Pool cleaning is an essential, non-negotiable activity. There are no ‘off weeks’ when vacuuming your water. To keep the proper chlorine and pH levels, homeowners need to clean it weekly.
Investing in a high-quality pool vacuum cleaner makes this chore easier. But because not all pool vacuums are created equal, you need to know what to look for. Here are three questions to consider to help you choose the right pool vacuum.
Three Questions to Help You Choose a Pool Vacuum
1. What Type of Pool Do You Have?
Do you have an inground or above-ground pool? What’s its size, shape, and material? Answering these questions will help you determine what type of pool cleaner you need.
The main difference between the two is the design. Inground pool vacuums are made to reach deep ends and go to depths of up to eight feet. Above-ground vacuums can’t do this.
Moreover, if your pool is curved, you need a vacuum that’s suitable for its shape. If it has steep stairs, go with a cleaner designed to target these hard-to-navigate areas. And, when it comes to materials, choose a vacuum that can clean the specific material without causing damage.
2. What’s Your Filter Set-up Preference?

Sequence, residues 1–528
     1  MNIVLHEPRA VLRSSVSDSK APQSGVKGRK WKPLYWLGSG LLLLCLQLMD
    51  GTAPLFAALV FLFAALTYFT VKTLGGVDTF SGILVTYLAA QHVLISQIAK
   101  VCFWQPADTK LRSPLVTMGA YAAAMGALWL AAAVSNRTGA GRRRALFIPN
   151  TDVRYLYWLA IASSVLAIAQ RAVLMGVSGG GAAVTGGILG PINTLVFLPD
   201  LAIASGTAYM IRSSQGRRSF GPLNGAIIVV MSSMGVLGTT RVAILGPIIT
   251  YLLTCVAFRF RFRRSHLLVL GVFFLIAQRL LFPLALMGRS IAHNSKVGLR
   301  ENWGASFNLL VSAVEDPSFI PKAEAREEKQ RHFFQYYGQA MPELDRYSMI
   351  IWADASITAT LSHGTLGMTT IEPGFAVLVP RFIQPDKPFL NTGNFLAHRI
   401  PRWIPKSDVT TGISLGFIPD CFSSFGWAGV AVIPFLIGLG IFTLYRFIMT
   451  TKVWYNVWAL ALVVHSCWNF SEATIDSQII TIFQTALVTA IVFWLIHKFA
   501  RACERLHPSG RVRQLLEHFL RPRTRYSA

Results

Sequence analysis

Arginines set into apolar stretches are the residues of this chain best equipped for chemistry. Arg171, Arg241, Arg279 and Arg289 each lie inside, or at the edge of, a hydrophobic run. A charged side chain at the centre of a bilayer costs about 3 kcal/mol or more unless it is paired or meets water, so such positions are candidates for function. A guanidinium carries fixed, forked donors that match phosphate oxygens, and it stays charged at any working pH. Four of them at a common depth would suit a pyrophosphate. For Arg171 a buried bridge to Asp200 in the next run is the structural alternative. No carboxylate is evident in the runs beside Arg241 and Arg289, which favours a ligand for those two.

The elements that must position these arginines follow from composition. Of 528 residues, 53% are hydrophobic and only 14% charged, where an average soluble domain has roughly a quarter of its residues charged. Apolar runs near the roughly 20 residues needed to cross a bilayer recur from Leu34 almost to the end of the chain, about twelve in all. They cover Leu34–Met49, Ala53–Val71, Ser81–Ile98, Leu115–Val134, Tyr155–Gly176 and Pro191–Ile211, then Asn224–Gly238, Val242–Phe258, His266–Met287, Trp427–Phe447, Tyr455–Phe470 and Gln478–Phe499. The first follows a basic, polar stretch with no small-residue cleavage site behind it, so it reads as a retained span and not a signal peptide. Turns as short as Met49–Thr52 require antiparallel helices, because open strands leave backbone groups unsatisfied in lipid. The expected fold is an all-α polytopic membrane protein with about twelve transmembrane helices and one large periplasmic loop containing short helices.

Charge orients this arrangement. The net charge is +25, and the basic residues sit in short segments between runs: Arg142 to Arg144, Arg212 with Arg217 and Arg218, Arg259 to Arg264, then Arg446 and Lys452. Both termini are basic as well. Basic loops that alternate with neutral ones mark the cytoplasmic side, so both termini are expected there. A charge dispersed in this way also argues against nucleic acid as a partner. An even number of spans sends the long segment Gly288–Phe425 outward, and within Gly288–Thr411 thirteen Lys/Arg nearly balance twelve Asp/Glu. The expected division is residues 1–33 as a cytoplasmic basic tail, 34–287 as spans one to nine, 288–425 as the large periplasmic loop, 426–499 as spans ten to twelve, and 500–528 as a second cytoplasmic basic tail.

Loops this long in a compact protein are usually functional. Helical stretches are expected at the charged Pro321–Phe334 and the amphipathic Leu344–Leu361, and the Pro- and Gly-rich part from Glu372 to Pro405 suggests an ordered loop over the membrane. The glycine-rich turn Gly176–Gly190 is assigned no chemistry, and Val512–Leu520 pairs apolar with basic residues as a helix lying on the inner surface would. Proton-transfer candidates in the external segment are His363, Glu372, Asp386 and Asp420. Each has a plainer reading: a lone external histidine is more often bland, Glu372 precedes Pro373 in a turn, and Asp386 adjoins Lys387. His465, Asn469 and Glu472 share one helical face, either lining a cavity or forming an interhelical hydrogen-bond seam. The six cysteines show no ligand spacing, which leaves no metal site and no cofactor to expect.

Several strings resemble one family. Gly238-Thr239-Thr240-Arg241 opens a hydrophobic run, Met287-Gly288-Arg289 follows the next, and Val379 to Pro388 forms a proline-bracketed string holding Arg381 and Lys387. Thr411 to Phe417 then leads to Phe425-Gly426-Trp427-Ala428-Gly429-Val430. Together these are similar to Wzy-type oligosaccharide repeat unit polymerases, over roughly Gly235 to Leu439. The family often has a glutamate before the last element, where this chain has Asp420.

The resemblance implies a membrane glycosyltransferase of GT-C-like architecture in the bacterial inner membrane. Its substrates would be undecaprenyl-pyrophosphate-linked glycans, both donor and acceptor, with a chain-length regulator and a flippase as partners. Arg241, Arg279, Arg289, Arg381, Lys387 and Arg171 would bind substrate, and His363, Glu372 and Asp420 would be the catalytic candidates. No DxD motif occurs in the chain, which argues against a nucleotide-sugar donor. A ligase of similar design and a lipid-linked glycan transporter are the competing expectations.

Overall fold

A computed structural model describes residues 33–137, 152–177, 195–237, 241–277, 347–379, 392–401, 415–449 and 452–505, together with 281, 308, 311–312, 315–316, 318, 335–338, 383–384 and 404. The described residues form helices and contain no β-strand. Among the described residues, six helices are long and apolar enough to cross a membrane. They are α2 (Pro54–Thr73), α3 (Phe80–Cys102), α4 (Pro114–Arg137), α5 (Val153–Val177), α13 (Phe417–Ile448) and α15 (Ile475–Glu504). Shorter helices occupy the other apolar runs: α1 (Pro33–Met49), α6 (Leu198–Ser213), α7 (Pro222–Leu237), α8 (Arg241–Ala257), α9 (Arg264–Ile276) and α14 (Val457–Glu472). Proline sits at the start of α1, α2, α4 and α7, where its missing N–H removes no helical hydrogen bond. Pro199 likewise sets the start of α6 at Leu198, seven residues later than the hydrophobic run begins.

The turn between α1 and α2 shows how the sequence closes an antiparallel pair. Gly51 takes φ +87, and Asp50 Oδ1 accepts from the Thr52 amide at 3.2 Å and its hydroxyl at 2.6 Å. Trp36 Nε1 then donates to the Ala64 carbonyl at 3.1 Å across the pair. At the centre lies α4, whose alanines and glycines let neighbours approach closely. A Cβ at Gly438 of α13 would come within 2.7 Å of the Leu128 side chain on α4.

Manual pool cleaners are connected to existing filtration systems, while robotic vacuums come with their own filters. This puts less strain on your pool’s filtration system, making robotic options convenient.
3. What’s Your Budget?
The nice thing about these devices is there’s one for just about any budget. Maintaining crystal clear waters doesn’t come cheap. However, a quality cleaner will make the cleaning process more manageable.
Plan to spend anywhere from $50 to upwards of $2,000 on a pool vacuum. Manual options are the least expensive because they require the most work. However, while robotic models are the most expensive, they’re also hands-free solutions for weekly maintenance.
To land the best pool cleaner, you need to consider pool type, filter set-up, and pricing. Do you prefer a manual option or a hands-free one? The answer to this will narrow down the selection process significantly.